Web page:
Canada: What Happens When You're Arrested For Marijuana Possession?


What happens when you get busted for possession of weed in this city? The Montreal Gazette put that question out to readers, legal experts and the proprietor of a marijuana dispensary. Taken as a whole, their answers could be summarized with just two words: it depends.

Under Section 4 of Canadas Controlled Drugs and Substances Act, possession of less than 30 grams of marijuana is punishable by a fine of $1,000 or a six-month jail sentence for first offenders. However, the Montreal Gazette did not find anyone in this city who served jail time for such an offence.

In fact, most readers reported a rather laissez-faire attitude on the part of Montreal police officers. Some werent so lucky. Here are some of their responses.

Darren: Montrealer, salesman, father of one

The cops pulled a friend and me over in the West Island, searched our car, went through my pockets and found it. Next thing you know, Im in the back of the police car, Im at the station and they tell me theyre pressing charges.

I didnt want $7 of weed to f-ing screw up the rest of my life so I hired a lawyer. I had, literally, like not even a gram on me. My lawyer had explained to me that its basically to the policemans discretion if he wants to press charges or not. I unfortunately got a jerk. So we got our first court date and my lawyer calls and says, I dont like that judge, were going to postpone it. Okay. Our second court date he did the same thing. Finally, on our third court date, he liked the judge and we went forward with our plan.

He went in, spoke to the prosecutor, the judge and I ended up making a $1,500 donation to a womens shelter and they dropped the case. It was as if it never went to court, its not on my record, theres no trace of it. It cost me a bunch of money – about $3,000 – for what it was. I had just been hired at (a major telecommunications company) and they do criminal background checks and a conviction would have been grounds for them to fire me.

John: Cte-des-Neiges resident, student

We were passing around a joint in a parking lot late one summer night when two cops rolled up. They searched all of us but I was the only one holding (I had maybe a gram on me). They asked us if we were in a gang, which, I dont think they would have asked us that if we were white. They ran all of our names through the system, it came back that none of us had a criminal record so they let my friends go.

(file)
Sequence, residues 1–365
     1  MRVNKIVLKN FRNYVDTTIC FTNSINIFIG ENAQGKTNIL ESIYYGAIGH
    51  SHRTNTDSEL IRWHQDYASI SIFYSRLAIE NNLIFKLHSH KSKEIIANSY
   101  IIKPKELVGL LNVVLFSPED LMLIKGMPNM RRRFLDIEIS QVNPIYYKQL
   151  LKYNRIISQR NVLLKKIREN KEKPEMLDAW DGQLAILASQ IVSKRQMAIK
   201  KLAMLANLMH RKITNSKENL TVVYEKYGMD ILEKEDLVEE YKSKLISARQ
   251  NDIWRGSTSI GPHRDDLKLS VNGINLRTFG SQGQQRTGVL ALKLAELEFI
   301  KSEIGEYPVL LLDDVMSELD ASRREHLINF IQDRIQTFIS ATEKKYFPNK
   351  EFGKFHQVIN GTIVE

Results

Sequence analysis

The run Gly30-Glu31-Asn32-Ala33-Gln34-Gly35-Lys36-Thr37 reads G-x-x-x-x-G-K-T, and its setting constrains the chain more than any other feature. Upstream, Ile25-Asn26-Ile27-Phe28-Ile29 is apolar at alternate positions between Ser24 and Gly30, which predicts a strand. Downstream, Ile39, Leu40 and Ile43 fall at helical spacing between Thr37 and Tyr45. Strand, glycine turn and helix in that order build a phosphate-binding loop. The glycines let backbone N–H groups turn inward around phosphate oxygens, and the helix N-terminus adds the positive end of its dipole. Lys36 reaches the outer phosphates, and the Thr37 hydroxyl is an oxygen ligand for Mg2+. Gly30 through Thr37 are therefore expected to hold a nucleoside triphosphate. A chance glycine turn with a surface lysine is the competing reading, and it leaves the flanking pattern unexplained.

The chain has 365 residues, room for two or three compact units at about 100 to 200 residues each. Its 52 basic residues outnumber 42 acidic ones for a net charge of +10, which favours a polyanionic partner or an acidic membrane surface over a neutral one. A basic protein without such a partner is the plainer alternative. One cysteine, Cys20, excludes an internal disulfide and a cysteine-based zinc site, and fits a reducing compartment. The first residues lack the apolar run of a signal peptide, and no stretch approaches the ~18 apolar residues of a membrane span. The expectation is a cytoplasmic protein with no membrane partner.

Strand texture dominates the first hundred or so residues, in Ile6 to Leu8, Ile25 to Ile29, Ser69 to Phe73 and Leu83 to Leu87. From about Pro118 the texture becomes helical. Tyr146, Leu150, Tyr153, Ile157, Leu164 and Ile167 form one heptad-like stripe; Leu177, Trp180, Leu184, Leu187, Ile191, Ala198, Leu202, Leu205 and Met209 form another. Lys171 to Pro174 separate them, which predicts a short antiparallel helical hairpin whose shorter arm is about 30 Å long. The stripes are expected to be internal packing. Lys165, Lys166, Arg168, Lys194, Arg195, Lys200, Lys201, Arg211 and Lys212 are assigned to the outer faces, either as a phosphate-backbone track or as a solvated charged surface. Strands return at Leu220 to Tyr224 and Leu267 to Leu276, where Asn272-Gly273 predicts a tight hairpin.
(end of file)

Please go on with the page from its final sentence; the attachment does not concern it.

It was humiliating to be put in the back of a cop car, having to go in front of a judge, having to borrow money from my parents to pay for a lawyer. Were not rich, I know that the money we had to pay – I think it was $2,000 for a lawyer and we wrote a $1,500 cheque to a charity – for me not to have a criminal record really put a strain on the family. I broke the law, yeah, but Im not a bad guy. I work, I go to school and sometimes I blow off some steam.

Marc-Boris St-Maurice: Founder of Fondation Marijuana, activist, politician, punk rocker.

If youre smoking a joint walking down St-Laurent Blvd., honestly I think the cops have bigger issues to tackle here. If youre in a park in a suburb near a school and youre a 17-year-old kid and parents complain, you might find that they have to do something because of pressure. If youre in Vancouver, probably nothing happens. If youre in Saskatoon, you might go to court and you could go to jail. The application is completely disproportionate depending on the jurisdiction.

When it comes to the amount of people smoking marijuana versus those convicted, were talking like 0.0013 per cent of users actually get slapped. Youve got to ask yourself, whats the point? We wouldnt accept a murder solve rate of 0.0013 per cent. Why? Because we know its wrong to take someones life. We accept such a low solve rate with marijuana because we know that, aside from the person smoking, its essentially a victimless crime.

Jason Carmichael: McGill University criminology professor, former probation officer

Professor Carmichael was asked whether, in Canada, people of colour are disproportionately affected by drug laws.

I am not familiar with any empirical data on this in Canada. Some scholars have described the application of marijuana laws as among the most glaring example of racial discrimination in the (American) criminal justice system. A study using arrest data from New York City showed that a full 15 per cent of all arrests over a 25-year period were for marijuana in public view. Sixty-four per-cent of those arrests were of blacks and 25 per cent of Latinos. Given that marijuana use appears to be normally distributed across racial groups, a fair application of drug laws would look nothing like this.

News Moderator: Katelyn Baker
Full Article: What Happens When You’re Arrested For Marijuana Possession? It Depends
Author: Christopher Curtis
Contact: 1-514-987-2222
Photo Credit: Dario Ayala
Website: Montreal Gazette